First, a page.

$2.2T Fixed-Income Giant, Pimco, is Already Trading Crypto, Now Plans to Invest in Certain Assets & Understand DeFi
“We’ll take baby steps in an area that’s rapidly growing,” said Pimco CIO Daniel Ivascyn.
Pimco, the asset manager giant with $2.2 trillion in assets under management, has been dabbling in cryptocurrency for some time and now plans to gradually invest more in crypto assets.
“Now we’re looking at potentially trading certain cryptocurrencies as part of our trend-following strategies or quant-oriented strategies, then doing more work on the fundamental side,” said chief investment officer Daniel Ivascyn in an interview with CNBC.
“So this will be a gradual process where we spent a lot of time on the internal diligence side speaking to investors. And we’ll take baby steps in an area that’s rapidly growing.”
Some of the company’s hedge fund portfolios are already trading crypto-linked securities, he said.
“We’re trading from a relative value perspective. So we’re not taking directional exposure, but we’re looking to take advantage of mispricings between the cash product, popular trust that trades on the exchange, and then the futures.”
“So that was a starting point for us in a very narrow segment of our business.”
Pimco is also taking an interest in decentralized finance (DeFi), which one has to understand because “it will be disruptive…in our business in particular,” Ivascyn said.
The firm is currently working on scenarios where it could provide them with a competitive edge “in a rapidly changing environment that offers a pretty significant value proposition,” particularly for younger generations — the new generation of the investment community.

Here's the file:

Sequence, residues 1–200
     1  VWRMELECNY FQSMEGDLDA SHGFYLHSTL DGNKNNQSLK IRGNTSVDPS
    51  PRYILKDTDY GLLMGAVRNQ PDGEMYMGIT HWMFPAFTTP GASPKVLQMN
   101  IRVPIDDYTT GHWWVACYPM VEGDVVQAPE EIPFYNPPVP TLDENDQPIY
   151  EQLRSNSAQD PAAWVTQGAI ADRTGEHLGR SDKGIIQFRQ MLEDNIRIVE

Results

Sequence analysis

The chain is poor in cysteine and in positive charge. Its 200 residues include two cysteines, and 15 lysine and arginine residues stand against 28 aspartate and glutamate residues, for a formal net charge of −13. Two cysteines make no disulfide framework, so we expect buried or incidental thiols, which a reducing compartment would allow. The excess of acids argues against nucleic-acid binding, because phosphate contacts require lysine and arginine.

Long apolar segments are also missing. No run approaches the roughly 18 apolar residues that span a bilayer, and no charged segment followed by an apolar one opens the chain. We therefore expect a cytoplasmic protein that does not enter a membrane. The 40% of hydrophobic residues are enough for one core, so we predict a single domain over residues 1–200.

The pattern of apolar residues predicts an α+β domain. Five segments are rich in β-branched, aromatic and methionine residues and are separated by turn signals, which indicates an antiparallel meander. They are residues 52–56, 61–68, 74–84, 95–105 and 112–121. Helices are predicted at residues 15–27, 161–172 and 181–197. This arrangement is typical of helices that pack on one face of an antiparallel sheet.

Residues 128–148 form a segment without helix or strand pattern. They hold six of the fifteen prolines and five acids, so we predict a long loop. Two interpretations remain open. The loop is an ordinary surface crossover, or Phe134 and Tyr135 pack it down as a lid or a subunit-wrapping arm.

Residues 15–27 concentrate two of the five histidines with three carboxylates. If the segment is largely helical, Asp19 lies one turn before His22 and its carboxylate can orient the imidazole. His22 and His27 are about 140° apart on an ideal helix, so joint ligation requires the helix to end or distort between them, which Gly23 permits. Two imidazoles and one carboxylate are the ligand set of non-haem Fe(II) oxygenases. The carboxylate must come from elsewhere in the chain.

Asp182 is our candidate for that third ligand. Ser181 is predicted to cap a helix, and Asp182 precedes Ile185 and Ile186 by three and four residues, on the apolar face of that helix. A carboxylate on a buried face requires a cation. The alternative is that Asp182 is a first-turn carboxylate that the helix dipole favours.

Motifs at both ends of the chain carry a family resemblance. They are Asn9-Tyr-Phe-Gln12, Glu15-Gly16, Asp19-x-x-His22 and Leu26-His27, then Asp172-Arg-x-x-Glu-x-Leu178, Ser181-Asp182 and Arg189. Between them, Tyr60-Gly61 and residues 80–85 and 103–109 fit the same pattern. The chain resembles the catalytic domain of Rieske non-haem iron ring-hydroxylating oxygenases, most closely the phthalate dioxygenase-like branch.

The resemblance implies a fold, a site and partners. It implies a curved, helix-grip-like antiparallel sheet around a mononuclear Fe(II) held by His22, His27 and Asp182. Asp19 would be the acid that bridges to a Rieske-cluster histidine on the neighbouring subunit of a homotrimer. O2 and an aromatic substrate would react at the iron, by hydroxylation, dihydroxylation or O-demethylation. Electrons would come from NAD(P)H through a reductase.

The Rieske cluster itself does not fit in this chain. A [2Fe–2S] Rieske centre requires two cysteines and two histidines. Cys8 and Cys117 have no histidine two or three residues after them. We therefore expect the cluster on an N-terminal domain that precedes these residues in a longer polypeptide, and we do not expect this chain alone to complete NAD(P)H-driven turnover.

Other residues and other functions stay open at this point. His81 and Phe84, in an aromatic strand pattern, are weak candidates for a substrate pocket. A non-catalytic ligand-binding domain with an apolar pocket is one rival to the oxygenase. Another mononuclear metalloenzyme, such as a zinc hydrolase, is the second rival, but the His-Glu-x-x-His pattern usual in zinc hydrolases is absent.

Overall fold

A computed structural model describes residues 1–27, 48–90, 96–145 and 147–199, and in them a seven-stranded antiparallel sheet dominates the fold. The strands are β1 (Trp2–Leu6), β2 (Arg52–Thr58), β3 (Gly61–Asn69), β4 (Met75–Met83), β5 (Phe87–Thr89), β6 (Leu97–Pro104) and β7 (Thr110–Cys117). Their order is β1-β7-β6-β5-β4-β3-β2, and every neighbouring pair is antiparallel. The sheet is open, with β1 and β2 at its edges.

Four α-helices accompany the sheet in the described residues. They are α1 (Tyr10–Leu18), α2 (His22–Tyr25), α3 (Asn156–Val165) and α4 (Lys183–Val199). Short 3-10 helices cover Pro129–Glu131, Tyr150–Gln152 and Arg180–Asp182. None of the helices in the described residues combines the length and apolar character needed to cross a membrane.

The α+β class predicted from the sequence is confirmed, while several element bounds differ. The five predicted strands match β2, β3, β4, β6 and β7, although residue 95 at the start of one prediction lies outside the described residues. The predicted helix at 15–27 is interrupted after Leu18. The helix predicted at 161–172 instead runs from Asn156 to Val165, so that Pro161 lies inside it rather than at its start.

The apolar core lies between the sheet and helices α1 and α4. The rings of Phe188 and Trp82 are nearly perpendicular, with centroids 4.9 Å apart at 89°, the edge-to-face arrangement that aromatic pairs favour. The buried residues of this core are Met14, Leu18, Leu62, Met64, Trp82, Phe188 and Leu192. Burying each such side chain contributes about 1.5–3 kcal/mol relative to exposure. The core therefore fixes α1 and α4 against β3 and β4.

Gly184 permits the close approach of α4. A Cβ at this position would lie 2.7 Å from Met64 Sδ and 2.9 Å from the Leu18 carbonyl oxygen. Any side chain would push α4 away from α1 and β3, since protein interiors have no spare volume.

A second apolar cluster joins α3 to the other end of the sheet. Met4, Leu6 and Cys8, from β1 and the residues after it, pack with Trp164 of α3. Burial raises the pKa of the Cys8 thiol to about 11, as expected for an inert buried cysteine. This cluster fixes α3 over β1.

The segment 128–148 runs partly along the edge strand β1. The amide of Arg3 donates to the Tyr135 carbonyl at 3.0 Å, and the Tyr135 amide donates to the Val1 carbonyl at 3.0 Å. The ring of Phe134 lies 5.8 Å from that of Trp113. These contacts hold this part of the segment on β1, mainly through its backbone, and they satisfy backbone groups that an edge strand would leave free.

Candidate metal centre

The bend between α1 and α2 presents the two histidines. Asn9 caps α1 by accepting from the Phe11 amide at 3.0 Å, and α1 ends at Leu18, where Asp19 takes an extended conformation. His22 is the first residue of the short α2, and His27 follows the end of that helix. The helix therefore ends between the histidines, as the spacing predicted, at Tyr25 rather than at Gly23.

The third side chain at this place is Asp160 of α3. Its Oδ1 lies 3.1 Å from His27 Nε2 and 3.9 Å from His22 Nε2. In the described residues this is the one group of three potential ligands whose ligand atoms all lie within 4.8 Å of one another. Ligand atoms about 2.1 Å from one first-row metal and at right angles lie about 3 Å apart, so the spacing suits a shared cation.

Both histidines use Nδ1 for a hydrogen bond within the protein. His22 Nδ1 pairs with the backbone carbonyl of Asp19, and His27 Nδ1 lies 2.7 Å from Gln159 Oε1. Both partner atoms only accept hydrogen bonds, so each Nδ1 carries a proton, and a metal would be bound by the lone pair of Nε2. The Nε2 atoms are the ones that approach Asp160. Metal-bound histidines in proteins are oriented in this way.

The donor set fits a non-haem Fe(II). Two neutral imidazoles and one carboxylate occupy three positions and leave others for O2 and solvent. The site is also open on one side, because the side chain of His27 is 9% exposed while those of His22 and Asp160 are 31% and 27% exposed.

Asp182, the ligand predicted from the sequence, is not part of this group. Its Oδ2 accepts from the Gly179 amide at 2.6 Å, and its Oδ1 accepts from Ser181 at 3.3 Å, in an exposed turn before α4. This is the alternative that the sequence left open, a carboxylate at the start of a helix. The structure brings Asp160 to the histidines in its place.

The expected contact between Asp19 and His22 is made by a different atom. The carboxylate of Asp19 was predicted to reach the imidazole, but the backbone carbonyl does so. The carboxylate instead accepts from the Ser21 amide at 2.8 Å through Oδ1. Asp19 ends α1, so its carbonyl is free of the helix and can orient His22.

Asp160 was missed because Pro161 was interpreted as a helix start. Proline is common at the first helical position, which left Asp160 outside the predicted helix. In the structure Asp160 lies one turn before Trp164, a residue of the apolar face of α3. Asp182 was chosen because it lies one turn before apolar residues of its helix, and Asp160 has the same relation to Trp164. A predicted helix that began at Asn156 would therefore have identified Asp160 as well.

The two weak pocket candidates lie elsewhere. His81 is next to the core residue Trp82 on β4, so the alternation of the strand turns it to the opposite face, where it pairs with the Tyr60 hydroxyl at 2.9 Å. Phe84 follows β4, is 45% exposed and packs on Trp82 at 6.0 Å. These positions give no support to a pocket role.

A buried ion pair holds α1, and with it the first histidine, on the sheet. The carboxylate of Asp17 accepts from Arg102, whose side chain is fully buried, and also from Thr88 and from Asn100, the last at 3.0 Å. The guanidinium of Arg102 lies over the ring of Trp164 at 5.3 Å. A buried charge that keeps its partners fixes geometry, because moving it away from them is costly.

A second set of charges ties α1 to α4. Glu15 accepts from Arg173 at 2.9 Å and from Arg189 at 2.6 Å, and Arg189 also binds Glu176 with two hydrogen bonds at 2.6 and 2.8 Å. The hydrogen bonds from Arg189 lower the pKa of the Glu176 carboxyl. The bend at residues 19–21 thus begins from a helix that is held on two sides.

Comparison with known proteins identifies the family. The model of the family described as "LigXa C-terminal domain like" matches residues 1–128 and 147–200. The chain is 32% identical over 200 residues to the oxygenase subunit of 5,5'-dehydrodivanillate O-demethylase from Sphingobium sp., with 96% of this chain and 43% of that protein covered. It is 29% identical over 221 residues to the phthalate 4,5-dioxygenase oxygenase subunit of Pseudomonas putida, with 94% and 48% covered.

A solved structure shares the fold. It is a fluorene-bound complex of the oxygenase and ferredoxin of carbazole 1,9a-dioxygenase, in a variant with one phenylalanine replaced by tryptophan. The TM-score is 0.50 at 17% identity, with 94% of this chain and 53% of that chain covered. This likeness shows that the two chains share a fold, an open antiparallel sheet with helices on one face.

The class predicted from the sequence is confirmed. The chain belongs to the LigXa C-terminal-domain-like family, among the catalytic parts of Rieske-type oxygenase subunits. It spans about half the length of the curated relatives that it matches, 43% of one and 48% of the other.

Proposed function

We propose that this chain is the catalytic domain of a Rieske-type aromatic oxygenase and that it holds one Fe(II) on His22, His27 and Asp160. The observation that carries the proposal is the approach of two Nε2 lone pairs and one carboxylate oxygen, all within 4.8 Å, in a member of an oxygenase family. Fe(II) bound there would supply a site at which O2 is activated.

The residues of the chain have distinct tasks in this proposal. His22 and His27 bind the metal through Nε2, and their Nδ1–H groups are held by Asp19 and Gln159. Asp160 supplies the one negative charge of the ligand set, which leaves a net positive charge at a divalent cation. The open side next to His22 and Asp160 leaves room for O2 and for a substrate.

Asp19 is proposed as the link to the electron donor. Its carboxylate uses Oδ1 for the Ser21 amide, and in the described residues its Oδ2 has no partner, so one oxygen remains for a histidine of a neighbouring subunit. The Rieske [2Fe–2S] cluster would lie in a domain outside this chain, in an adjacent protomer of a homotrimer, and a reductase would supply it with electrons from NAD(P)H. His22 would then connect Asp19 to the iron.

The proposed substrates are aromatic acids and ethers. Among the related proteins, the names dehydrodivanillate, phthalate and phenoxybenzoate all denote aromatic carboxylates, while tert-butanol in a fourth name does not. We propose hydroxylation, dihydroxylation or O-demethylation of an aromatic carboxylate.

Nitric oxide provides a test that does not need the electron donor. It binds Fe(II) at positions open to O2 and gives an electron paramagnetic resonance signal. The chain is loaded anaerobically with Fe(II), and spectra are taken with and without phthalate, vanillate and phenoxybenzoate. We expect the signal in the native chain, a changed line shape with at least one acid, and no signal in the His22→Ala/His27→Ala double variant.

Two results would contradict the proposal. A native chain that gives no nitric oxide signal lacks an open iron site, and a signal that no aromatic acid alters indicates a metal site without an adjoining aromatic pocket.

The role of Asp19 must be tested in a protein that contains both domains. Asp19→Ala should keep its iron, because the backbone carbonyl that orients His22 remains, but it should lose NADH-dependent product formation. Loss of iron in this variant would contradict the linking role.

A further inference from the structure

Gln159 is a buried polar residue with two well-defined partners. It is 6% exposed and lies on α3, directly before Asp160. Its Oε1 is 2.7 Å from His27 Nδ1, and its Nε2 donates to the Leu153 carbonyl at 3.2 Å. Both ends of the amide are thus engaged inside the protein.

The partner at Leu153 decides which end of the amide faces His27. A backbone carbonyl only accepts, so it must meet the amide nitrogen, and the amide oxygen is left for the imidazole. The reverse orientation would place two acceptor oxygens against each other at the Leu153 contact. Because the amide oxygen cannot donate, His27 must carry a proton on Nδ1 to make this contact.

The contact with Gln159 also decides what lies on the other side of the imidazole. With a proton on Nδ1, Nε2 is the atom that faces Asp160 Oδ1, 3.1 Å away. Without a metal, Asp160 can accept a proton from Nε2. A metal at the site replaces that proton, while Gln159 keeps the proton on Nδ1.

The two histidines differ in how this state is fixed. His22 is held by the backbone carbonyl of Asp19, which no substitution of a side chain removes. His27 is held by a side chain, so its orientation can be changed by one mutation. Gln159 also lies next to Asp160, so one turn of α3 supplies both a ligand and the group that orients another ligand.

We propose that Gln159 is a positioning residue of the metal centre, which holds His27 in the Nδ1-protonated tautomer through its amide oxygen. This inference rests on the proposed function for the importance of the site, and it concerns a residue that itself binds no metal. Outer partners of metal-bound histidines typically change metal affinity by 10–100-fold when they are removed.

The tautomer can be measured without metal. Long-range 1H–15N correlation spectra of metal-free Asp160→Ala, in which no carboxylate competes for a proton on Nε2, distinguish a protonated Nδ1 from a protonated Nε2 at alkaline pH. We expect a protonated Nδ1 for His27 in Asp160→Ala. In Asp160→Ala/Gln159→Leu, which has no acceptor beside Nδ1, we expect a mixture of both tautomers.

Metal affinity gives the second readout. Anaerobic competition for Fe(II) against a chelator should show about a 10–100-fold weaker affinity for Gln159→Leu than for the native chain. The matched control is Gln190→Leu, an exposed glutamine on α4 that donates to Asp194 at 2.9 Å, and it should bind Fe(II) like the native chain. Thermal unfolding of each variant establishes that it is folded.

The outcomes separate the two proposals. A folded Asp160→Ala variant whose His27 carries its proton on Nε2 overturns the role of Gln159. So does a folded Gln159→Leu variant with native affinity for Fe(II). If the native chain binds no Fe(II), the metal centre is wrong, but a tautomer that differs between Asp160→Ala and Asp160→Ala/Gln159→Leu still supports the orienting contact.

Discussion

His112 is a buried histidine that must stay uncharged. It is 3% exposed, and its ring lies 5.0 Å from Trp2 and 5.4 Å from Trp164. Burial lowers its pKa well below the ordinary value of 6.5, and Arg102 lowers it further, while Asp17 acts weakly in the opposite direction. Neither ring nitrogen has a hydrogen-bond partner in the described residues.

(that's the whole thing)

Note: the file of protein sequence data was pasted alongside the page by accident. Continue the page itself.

Unlike Pimco, hedge fund manager David Einhorn finds cryptocurrencies “very complicated” as such; he hasn’t chosen to invest in them.
Greenlight’s Einhorn prefers gold as an inflation hedge, in contrast to billionaire investor Paul Tudor Jones, but said,
“I'm not negative on [cryptocurrencies]. … They may continue to do extremely well. I just haven't chosen to invest in them.”
Earlier this month, he had put crypto in a “too hard” bucket because it was unregulated and unlimited. “I don't have a strong view that this is some enormous waste or this is some phenomenal opportunity. I think it's too difficult,” he said at the time.
In his interview this week with CNBC, Einhorn said that the Federal Reserve “doesn't have the stomach to fight inflation” because policymakers are afraid to trigger a market correction or a recession. This means, “they are really left with bad choices.”